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Post by RHFay »

aldan wrote: the more senses you can capture, the more believable the book will seem....
Hi aldan!

Excellent point! This definitely does apply to sound, touch, and taste, as well as sight. Humans are creatures that rely heavily on the sense of sight, so sight descriptives dominate, but others help give a more well-rounded reality. Like the acrid scent of smoke, the sweet perfume of wildflowers, the raucous din of battle, the sharp clang of metal upon metal, the strindent ringing of the alarm, the smooth feel of polished metal, the dry and rough texture of dragon scales, the bitter taste of strange herbs, the spicy tang of mulled wine, etc.

Again, getting this right often involves some sort of research.

"I'm going to do what the warriors of old did. I'm going to recite poetry!" Andrew of Armar.

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Post by berry »

I recently started writing a story about using animal AND manipulating DNA for all sorts of uses. The idea came to me beacuse I was watching the news. When I started to do some more research I was actually quite horrified to find out how far some had already travelled down that route. I thought I was writing some pretty farfetched stuff, but never underestimate a scientist with flexible morals and a large grant.
For exampe they tried to breed spiders in order to take advantage of the fact that spider silk is one of the strongest materials known to man, when they failed.(you can't breed spiders any more than you could make cats race) They decided to take the spider silk DNA put it into the cells of baby goats so when the Goats grow up they can collect the spider silk from the Goats milk. They are breeding cow's with low fat milk and so much more. Stranger than fiction?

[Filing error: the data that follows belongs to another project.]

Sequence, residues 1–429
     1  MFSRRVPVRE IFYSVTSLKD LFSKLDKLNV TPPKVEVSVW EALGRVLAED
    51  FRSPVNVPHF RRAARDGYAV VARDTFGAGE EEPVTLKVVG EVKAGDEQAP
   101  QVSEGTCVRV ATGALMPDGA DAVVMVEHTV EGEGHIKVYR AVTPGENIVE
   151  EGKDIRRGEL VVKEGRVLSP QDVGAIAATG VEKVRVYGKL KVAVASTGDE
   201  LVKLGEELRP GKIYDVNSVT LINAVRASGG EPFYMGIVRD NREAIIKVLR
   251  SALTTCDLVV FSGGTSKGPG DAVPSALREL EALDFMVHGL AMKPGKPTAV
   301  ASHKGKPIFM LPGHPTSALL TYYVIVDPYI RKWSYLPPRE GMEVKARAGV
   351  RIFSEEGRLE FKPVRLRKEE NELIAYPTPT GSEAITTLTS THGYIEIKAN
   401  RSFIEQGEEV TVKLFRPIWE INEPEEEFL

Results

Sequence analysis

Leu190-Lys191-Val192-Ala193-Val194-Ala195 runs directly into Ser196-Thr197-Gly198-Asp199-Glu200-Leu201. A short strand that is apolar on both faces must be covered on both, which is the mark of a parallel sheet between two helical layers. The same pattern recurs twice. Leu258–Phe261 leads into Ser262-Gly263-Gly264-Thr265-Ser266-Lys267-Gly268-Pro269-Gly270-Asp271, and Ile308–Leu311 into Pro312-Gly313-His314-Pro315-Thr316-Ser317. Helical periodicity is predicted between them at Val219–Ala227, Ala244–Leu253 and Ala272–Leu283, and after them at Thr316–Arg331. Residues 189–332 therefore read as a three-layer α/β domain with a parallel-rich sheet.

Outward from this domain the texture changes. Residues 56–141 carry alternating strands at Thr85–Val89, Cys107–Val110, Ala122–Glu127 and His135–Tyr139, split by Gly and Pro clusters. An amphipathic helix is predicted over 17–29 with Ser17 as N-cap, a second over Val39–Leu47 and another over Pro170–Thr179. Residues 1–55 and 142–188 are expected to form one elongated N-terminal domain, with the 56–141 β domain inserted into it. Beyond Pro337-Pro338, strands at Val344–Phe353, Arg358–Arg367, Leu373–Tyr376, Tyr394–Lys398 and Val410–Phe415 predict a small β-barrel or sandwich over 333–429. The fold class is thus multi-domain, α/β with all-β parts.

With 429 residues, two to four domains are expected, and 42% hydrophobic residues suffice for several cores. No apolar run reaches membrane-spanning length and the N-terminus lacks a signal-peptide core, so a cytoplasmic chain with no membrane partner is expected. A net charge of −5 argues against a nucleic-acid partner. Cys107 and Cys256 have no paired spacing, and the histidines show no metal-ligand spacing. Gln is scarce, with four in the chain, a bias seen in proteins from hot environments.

Outside of a dog, a book is mans best friend. Inside of a dog it's too dark to read.
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Post by Dark Knight »

Well IF you are talking about the cows in NZ, that has nothing to do with DNA manipulating, from what I read...

YES it is true we in NZ are breeding cow's with low fat milk, but DNA manipulating was not used....

The cows, which have a particular genetic mutation, were bred from a single female discovered by researchers when they screened milk from millions of cattle.

Fonterra sustainable milk growth general manager Mark Leslie said the cow, named Marge, had emerged during the company's routine screening programme.

He said the milk from Marge was significantly lower in fat content than that from other cows. The development is so commercially sensitive that the herd's location is secret.

From ... d=10442181

That's right Fonterra say they discovered the Cow during the screening programme....

No DNA manipulating here.....

However I have read about the "spider silk DNA put it into the cells of baby goats"....

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